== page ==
Her cousin Harryo noted the mutual interest in letters written that summer. ‘There was an extraordinary flirtation between William Lamb and Caro Ponsonby… and they seem, I hear, mutually captivated. When the rest were at games etc. William was in a corner, reading and explaining poetry to Car… and in the morning, reading tales of wonder together tithertother. When she played hunt the squirrel, hunt the slipper etc. he did; always sat by her..’
The problem was that William’s family were not suitable. They were newly rich, rather than a historically recognized family. William’s grandfather was the son of a tradesman, who inherited a fortune and wisely made more money from it. He bought Brocket Hall in 1746 and received a baronetcy in 1755. His son, William’s official father, then inherited and married Elizabeth Milbanke.
William’s parents’ marriage was as equally unconventional as Caroline’s parents’, and wider family (although who knows how conventional it was in their day). William was one of six, and potentially they were all born of different fathers. Only the eldest brother was Lord Melbourne’s actual offspring. William was second born and in fact the son of the Earl of Egremont, who did know William was his, and actually had William’s portrait hung at his family home.
William’s younger brother George Lamb was sired by a much more influential father though, the Prince of Wales, and for the favour of his wife it earned her husband a position as a Viscount and a place in the House of Lords.
But the family’s manners were considered very poor, the Devonshire click condemned their ‘wisecracks, raucous laughter, rude noises and snoring in the parlour during in daytime naps‘ all recorded by Harryo (although not in that particular order). Caroline also speaks later of William’s brothers slouching in chairs and swearing in her company.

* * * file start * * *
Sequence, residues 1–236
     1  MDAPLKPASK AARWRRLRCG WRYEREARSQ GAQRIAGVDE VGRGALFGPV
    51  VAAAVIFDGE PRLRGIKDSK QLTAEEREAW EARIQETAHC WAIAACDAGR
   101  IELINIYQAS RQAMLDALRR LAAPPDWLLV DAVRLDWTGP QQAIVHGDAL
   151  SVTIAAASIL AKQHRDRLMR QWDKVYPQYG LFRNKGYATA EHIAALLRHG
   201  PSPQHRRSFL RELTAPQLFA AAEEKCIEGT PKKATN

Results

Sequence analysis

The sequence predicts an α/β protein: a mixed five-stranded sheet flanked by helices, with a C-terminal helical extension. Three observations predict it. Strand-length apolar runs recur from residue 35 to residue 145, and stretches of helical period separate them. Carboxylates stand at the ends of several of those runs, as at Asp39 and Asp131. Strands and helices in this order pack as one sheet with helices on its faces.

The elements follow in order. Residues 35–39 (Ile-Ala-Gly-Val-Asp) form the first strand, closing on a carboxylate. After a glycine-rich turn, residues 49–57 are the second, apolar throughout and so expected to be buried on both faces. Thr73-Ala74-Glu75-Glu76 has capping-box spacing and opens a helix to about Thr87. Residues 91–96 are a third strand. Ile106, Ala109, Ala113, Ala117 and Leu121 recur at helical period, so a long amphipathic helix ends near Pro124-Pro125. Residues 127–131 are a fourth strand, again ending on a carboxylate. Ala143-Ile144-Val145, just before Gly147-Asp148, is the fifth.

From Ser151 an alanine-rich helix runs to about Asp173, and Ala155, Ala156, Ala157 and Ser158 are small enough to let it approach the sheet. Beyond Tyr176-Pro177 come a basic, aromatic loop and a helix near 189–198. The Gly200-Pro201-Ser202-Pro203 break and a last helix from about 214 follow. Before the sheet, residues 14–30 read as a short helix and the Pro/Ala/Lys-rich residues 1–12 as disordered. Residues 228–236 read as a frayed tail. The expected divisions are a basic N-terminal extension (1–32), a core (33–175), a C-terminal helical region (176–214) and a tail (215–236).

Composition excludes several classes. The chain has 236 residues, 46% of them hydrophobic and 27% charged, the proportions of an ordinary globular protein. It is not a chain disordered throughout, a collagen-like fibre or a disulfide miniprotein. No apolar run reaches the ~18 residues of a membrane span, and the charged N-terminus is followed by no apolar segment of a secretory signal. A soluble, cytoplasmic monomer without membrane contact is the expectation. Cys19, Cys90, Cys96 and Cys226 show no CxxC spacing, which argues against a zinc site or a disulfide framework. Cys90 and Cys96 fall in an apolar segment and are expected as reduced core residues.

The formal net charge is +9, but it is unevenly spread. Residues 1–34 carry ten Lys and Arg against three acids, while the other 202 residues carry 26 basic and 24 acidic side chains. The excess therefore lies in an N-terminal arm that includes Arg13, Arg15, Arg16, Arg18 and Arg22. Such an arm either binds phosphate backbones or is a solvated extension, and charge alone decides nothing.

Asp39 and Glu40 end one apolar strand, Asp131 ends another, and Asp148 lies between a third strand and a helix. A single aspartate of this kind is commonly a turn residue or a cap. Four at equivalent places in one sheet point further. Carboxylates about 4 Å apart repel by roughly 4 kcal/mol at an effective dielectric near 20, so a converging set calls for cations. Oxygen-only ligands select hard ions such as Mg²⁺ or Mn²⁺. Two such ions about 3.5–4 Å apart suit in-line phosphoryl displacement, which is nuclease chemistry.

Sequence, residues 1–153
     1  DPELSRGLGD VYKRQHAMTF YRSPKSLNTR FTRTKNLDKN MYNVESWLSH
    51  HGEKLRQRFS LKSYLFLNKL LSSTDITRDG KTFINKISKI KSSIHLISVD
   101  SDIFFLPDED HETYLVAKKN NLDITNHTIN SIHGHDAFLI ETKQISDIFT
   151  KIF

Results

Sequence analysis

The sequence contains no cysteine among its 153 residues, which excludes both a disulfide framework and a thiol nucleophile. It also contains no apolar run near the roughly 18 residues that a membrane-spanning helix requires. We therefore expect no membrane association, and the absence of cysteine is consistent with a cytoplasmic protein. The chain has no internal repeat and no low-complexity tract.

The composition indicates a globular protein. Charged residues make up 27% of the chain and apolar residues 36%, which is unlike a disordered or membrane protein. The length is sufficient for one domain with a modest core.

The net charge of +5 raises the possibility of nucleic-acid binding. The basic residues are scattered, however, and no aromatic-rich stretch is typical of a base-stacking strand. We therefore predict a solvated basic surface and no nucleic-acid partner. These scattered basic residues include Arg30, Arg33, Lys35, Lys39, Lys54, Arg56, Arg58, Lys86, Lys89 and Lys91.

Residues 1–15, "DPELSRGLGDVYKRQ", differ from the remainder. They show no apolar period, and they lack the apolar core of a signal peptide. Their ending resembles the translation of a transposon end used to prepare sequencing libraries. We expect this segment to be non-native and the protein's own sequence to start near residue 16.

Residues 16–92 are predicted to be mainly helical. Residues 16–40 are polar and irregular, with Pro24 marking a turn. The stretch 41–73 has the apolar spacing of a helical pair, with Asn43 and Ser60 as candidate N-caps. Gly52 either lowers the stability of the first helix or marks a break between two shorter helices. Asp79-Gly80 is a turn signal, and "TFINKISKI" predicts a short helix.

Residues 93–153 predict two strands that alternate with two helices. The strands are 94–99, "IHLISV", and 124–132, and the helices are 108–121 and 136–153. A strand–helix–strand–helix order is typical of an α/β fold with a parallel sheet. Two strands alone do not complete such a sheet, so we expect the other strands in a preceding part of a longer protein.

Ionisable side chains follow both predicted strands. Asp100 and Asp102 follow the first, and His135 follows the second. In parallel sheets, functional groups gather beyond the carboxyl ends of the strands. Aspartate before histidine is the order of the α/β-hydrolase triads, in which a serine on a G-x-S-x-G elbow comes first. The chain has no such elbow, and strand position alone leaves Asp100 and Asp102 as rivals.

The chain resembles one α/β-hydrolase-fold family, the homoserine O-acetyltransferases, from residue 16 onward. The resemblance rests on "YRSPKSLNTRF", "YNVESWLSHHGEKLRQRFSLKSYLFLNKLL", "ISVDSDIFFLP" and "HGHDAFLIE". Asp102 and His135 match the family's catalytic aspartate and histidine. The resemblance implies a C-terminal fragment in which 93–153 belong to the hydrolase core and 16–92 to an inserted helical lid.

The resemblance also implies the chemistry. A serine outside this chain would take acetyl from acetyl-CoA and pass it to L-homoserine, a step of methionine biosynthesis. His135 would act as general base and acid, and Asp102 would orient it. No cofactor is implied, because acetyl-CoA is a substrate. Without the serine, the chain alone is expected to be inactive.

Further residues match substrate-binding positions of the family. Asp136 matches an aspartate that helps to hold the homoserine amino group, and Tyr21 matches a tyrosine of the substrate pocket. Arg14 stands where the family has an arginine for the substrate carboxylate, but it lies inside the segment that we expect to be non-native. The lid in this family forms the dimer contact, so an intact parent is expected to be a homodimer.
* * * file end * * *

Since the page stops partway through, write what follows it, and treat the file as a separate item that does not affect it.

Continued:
Of course if you have followed my blog for a while, you will have heard a lot about the Lamb men, from the memoirs of a courtesan. The courtesans found the Lambs equally outrageous. One of them hid in a courtesan’s bedroom to sleep while she was downstairs and then woke while she was going to the toilet in her chamber and laughed at her. Another of them tried to strangle Harriet Wilson when she would not comply to his wishes…
There was no way then that William stood a chance of winning Caro following the summer of 1802, although William did say ‘Of all the Devonshire House girls, that is the one for me.’
Next week I’ll tell you about Caro’s second coming out ball in Paris, which I was very surprised to read about considering it was the time of Napleon…
Go to the index
- the story of the real courtesan who inspired The Illicit Love of a Courtesan,
- another free short story, about characters from book #2, A Lord’s Scandalous Love,
- the prequel excerpts for book #3 The Scandalous Love of a Duke
Jane Lark is a writer of authentic, passionate and emotional Historical and New Adult Romance stories, and the author of a No.1 bestselling Historical Romance novel in America, ‘The Illicit Love of a Courtesan’.
Click here to find out more about Jane’s books, and see Jane’s website www.janelark.co.uk to learn more about Jane. Or click ‘like’ on Jane’s Facebook page to see photo’s and learn historical facts from the Georgian, Regency and Victorian eras, which Jane publishes there. You can also follow Jane on twitter at @janelark